How to Respond to a Gaslighter – 5 Tips
Gaslighting is a sort of emotional manipulation that causes the target to doubt their perception, emotions, cognition, sanity, and identity.
A gaslighter will use this subtle form of emotional abuse to undermine your reality by twisting the truth and denying facts about your environment, experiences, words, and actions until you no longer can trust your perception of reality.
Gaslighting in Toxic Relationships
Gaslighting is a manipulation strategy often used by covert narcissists to manipulate, control, and gain power over their romantic partners, kids, and other people they regularly interact with.
You can recognize a covert narcissist by their excessive need for admiration, a lack of empathy, and a grandiose sense of self-importance. Covert narcissists believe they are unique and special, so they typically have an exaggerated sense of entitlement.
They often show haughty attitudes and behaviors, taking advantage of people to achieve their own goals. However, a covert narcissist will typically hide their toxic attributes at the beginning of your relationship because they want people to like them.
They often use plausible deniability as a gaslighting strategy to make you doubt your perception of reality and entirely depend on them. If you are in a relationship with a narcissist, you may start questioning everything you know, doubting your perceptions of reality and your sanity at some point.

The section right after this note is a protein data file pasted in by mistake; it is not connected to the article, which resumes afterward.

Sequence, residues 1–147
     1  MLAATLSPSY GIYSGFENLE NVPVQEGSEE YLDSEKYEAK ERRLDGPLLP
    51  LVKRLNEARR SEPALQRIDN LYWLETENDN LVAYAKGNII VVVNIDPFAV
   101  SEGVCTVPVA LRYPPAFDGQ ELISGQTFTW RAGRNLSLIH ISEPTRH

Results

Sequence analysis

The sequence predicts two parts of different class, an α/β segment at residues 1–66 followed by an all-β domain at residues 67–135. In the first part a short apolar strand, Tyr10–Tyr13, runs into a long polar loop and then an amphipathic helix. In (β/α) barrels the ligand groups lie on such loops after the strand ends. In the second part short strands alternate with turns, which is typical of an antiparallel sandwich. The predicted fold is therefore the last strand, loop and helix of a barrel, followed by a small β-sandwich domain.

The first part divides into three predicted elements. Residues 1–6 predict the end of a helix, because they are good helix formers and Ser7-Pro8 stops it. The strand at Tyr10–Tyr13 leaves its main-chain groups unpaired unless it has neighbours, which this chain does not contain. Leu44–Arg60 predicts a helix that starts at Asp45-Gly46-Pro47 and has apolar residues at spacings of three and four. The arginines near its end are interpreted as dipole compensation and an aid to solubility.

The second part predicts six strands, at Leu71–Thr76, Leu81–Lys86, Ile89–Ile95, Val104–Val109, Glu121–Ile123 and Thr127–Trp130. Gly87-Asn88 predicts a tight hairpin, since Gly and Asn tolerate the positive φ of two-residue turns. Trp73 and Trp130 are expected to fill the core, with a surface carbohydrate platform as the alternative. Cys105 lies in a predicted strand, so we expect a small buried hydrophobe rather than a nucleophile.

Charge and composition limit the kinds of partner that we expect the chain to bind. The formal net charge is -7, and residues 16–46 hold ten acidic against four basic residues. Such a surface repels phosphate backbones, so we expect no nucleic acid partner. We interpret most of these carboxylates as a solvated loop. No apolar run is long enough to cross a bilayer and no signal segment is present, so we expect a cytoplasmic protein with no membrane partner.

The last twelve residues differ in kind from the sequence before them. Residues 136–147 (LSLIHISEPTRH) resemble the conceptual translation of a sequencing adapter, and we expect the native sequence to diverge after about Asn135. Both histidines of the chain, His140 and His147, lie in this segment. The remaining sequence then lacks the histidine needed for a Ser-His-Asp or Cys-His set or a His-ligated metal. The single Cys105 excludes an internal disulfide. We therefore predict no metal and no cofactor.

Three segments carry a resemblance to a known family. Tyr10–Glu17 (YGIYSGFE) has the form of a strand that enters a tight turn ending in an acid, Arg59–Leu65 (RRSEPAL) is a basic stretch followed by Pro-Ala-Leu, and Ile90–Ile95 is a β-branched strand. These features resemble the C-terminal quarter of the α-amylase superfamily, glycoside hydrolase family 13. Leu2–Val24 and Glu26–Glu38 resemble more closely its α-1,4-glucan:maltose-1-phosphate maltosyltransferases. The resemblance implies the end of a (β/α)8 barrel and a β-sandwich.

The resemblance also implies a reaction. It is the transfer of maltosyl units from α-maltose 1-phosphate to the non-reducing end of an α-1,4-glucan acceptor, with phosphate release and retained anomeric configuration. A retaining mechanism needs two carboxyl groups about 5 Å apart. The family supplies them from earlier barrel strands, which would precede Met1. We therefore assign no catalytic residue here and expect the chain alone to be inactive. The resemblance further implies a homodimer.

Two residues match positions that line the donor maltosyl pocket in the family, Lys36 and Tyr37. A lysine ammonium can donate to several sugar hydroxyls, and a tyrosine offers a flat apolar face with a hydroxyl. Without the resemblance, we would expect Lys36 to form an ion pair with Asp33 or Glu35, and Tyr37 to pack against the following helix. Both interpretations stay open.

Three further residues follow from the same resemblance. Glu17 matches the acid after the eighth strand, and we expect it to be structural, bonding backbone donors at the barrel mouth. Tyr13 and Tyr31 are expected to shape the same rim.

Gaslighting occurs in toxic romantic relationships, but it can be present in any other type of relationship. Still, you may go for years without realizing you’ve been a victim of gaslighting. Left uncontrolled, gaslighting can have severe consequences for your mental health, self-image, life satisfaction, work productivity, and other relationships.
So, here are some tips on how to respond to a gaslighter.
1) Identify a Gaslighting Pattern in Your Relationship
Your narcissistic partner (parent, friend, or boss) may use gaslighting to manipulate you for months or even years before becoming aware of it. On a surface level, covert narcissists are usually charming, charismatic, and fun.
However, under the surface, you may soon start noticing that they are excessively obsessed with themselves, arrogant, manipulative, and controlling. Their inability to feel empathy for others makes them manipulative and abusive.
So, the narcissist in your life may use gaslighting to minimize your feelings and discredit you by turning other people against you. They will also do anything to turn you against your family and friends. In other words, gaslighting is a strategy narcissist use to create a subtle but constant relationship dynamic where they maintain complete control and power.
Here are some common signs of gaslighting in relationships:
- A gaslighter will tell you apparent lies
- They will trivialize your feelings and accuse you of overreacting
- They will use every opportunity to discredit you
- They will question your memory and deny things that happened
- You constantly feel confused and question everything
- You think everything you do is wrong
- You struggle with self-esteem and confidence issues
- You are often wondering if you are too sensitive
- You always blame yourself when things go wrong
- You constantly apologize for everything